A few nights ago, I dreamed that my paternal grandfather was still alive, and that he was driving my father's old, black, late 60s Buick. It broke down half-submerged in water, and I had to fix it underwater. I needed a snorkel, but for some reason mine was broken. I went from store to store and shop to shop trying to buy a new one, but they were all broken, or didn't work.

Keep in mind that IRL I do not own a snorkel, nor do I know doodlysquat about car repair.

So now Trump wants to do away with due process for gun owners who might be a problem. Yeah, I'm all for sane reform, but doing away with the constitution isn't the answer.

I've decided to work on a few short stories before I gear up for another novel. It never ceases to amaze me how sometimes the story or characters take on a life of their own, and things go off in their own direction. While I try to leave things alone at times to let the creative juices simmer, this does illuminate the importance of writing every day. My brain is much more in a creative zone when I'm actually being creative.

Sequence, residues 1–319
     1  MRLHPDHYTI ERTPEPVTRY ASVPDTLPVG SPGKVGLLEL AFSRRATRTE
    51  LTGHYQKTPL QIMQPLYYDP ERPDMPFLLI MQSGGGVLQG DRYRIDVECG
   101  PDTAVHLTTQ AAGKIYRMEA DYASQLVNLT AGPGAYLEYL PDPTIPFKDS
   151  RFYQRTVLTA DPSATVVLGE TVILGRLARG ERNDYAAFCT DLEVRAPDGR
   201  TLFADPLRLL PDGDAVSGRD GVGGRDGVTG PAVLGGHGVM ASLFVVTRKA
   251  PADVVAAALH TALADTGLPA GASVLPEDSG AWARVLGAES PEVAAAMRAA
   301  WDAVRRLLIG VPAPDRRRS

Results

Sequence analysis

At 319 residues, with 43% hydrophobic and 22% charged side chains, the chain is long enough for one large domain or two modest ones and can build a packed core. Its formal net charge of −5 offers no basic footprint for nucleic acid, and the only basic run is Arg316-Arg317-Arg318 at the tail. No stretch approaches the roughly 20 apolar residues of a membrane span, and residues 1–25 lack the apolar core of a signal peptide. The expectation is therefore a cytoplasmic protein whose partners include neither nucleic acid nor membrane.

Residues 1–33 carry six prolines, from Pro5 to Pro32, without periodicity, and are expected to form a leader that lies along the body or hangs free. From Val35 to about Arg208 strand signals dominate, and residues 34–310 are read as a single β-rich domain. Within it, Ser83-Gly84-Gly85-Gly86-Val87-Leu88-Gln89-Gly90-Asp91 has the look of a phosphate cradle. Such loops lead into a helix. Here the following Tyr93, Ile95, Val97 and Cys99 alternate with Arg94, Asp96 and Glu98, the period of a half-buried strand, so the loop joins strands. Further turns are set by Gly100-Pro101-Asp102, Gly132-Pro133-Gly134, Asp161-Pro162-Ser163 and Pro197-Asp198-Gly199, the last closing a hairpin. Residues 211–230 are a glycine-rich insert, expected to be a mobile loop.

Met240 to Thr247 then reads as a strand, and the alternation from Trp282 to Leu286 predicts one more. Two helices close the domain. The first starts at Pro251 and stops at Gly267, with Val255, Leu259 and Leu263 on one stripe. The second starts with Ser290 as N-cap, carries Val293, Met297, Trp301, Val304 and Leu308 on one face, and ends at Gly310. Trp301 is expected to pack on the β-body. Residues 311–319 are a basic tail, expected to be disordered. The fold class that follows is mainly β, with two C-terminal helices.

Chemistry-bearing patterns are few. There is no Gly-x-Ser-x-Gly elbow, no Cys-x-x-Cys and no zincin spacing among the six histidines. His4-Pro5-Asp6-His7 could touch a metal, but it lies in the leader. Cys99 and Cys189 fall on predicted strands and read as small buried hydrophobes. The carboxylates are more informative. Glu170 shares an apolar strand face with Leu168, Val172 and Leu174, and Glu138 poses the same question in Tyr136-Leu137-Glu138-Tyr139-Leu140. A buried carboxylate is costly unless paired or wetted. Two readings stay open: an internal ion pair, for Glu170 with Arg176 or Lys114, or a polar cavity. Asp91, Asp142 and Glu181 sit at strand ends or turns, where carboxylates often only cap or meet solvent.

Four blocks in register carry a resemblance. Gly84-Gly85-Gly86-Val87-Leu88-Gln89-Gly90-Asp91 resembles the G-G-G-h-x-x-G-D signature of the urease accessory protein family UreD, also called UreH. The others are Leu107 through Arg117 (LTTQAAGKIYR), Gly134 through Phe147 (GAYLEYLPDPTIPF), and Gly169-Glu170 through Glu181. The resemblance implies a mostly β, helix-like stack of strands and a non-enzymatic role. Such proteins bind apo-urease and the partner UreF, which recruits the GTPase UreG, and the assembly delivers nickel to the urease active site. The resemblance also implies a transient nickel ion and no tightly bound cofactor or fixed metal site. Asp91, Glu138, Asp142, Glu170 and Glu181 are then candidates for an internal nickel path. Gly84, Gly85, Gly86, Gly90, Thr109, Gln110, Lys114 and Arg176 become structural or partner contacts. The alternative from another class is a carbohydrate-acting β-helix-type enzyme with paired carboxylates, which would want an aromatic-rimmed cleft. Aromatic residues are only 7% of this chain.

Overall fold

Tuesday, February 27, 2018


In the old days, I would have just ran to this blog, and stated my feelings about things like school shootings and Star Wars films (not that they're related) but lately, with everything so polarized and so much vitriol between anyone who dares to disagree with anyone else, I fell like the fun has been taken out of it. Because saying "I'm above it all" is just another kind of virtue signalling.

I mean, I feel a deep and terrible sadness for the victims, for their families, and for the surviving kids. I feel sad and angry when I see people on one side claiming that it's a hoax, and that these kids who suffered so much and had their lives changed forever are just actors. I feel sad and angry when I see people on the other side spewing accusations against anyone who believes in their second amendment rights, or who dared to vote for a president they don't like. I feel sad and angry whenever I see the phrase "Toxic Masculinity" rear its head (yay, let's teach our boys that their gender is inherently evil. Can't cause any psychological harm doing that...) The list goes on and on.